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We're a place people come to have a good time. They come to vacation. They come to do something they don't generally do where they live.
Not unsurprisingly, they don't generally come here to drink themselves blind. And if they did, they'd likely choose some place other than a very public festival grounds with monopoly pricing on drinks. Duh.
Local council and staff recognized this when they supported JOMAW's application. They also, implicitly, recognized it's hard to compete with free. JOMAW is the first attempt to mount a paid-admission event at a venue people associate with free entertainment, not to mention one that has special challenges to creating a paid environment adjacent to a free sidewalk with, arguably, just as good sound.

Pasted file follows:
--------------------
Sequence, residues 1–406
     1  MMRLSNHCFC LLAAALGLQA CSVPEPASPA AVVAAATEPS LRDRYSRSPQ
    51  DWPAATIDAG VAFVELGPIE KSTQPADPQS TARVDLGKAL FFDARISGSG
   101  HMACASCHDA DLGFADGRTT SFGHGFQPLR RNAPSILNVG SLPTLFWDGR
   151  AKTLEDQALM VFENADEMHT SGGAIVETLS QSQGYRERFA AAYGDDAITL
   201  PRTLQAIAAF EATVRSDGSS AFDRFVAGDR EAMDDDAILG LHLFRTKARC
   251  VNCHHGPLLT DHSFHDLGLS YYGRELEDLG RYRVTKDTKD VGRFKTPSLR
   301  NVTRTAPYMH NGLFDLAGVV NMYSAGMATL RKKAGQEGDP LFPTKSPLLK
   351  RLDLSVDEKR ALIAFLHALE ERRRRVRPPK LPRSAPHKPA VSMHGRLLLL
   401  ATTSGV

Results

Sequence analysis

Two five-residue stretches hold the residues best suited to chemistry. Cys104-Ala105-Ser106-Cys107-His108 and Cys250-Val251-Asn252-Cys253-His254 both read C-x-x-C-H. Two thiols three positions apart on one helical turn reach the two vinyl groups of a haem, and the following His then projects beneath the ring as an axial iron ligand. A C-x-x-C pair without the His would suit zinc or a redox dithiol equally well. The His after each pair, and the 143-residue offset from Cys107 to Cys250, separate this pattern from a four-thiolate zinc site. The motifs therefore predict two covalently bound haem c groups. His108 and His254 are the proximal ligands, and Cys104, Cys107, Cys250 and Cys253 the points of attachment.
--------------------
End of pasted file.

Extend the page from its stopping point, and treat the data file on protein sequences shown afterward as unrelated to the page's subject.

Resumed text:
It isn't going to work without alternate sources of revenue and there isn't a more viable alternative than alcohol sales.
Even the uptight province of Ontario recognized the popularity of festival licensing when they changed their regulations this summer to give communities the power to make these decisions for themselves. It seems to be another point lost on Ms. Caldwell... who's supposed to keep things like this in mind when making a decision.
So what's a civic-minded jazz fan to do? Perhaps it time to fall back on our old friend, civil disobedience. Some laws, some rulings simply need an example of people power to be overturned. Kind of like scraping the HST.
I don't know how tight bag checks are going to be this weekend but vodka in a water bottle looks like a bottle of water. White wine looks like lemonade, red like cranberry... you understand. It's easy to harass a handful of people drinking openly. It's a little harder to harass, say, 3,000.